Contamination Control in “The Hot Zone”

Contamination Control in “The Hot Zone”

By Susan English

Fort Detrick, MD– “Reston,” “Sudan,” “Zaire”–are names which, with the possible exception of the first, suggest exotic vacation destinations for the jaded traveler. Actually, however, they are deadly strains of the Ebola virus, three of the more than 20 Biosafety Level 4 viruses handled by scientists at the U.S. Army`s Medical Research Institute of Infectious Diseases (USAMRIID; Fort Detrick, MD). Recent interest in the Institute and its work was triggered by the bestselling book “The Hot Zone,” in which author Richard Preston recounts in frightening detail a real virus scare–a particularly virulent African virus known as “Ebola”– in Reston, VA in 1989.

Although the Ebola virus did not turn out to be fatal to humans, the movie industry, undeterred by facts, quickly followed up with a movie called “Outbreak.” The movie features the Institute in a disastrous but highly fictionalized situation. Institute spokeswoman and biomedical writer Cheryl Parrott confirmed in a USA Today article (Feb. 25) that nothing even remotely resembling the movie`s plot has happened during the 25 years of the Institute`s existence. Nevertheless, the procedures for contamination-control highlighted by the media blitz are critically important not only because the stakes are so high–regional, if not global dispersion–but also, because of the deadly nature of the “contaminants.” “Personnel, as well as products, must be protected,” says Dr. Robert Hawley of the Institute`s Safety Office.

Levels of containment, or contamination control, at the institute range from Biosafety Levels 1 to 4. Biosafety Level 1 is the least hazardous, while Level 4 deals with the highest hazard agents. Levels 1 and 2 include those organisms generally found in the normal environment causing diseases such as salmonellosis, hepatitis, or even the common cold. Biosafety Level 3 encompasses moderately hazardous agents usually found in tropical regions outside the United States, such as Africa`s Rift Valley fever virus. Biosafety Level 4 includes “high hazard” or exotic agents, also not indigenous to this country, such as the Ebola strains.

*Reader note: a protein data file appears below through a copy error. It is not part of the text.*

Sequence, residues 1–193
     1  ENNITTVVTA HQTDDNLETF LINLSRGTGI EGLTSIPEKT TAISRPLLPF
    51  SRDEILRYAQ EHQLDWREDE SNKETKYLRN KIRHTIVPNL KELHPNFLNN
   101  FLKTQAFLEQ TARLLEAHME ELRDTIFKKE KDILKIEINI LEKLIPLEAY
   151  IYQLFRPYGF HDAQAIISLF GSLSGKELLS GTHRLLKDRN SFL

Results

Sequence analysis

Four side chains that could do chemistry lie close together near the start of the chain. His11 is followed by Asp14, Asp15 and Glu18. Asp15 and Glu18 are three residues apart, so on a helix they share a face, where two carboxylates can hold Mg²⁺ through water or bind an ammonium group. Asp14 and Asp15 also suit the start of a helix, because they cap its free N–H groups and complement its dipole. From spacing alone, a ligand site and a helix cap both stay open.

According to Dr. Hawley, protection of laboratory workers starts with engineering controls. Although the Institute does not refer to them as “cleanrooms,” its laboratories, ranging in size from 2,600 ft.2 to 26,000 ft.3, have 10-12 air changes per hour, which is roughly equivalent to a Class 10 cleanroom. Within the Institute`s laboratories, all supply air is 65 percent filtered, and exhaust air is also passed through a HEPA filter. At lower levels of containment, workers are required to make a complete change of clothing before they enter the laboratory and to wear “surgical scrubs.”

The Institute`s primary barrier tools are HEPA-filtered and exhausted workstations or “biological safety cabinets,” many of which are manufactured by Baker Company Laboratories (Sanford, ME). The National Sanitation Foundation categorizes them as Class I, Class II-Types A, B, B2, B3, and Class III. Class I and II biological safety cabinets are used for low risk and moderate risk biological agents; Class III, for higher risk agents.

Environmental protection is dealt with not only through HEPA filtration of the exhaust air, but also by steam sterilization. In fact, everything coming out of the lab is sterilized, and all liquids are either disinfected in place with agents such as bleaches or are run through a steam sterilization process similar to an autoclave. Although no infectious waste is involved at this stage, after being hosed down, floor drains carry all effluent down to a sterilizing tank, so that even wash water is sterilized before discharge.

Despite Hollywood`s portrayal to the contrary, nothing at the facility can be considered “classified,” according to Dr. Hawley. Indeed, any veil of secrecy, if there was one, was rudely ripped away by Richard Preston`s book, not to mention the Institute`s starring role in the movie and the ensuing publicity it generated. n


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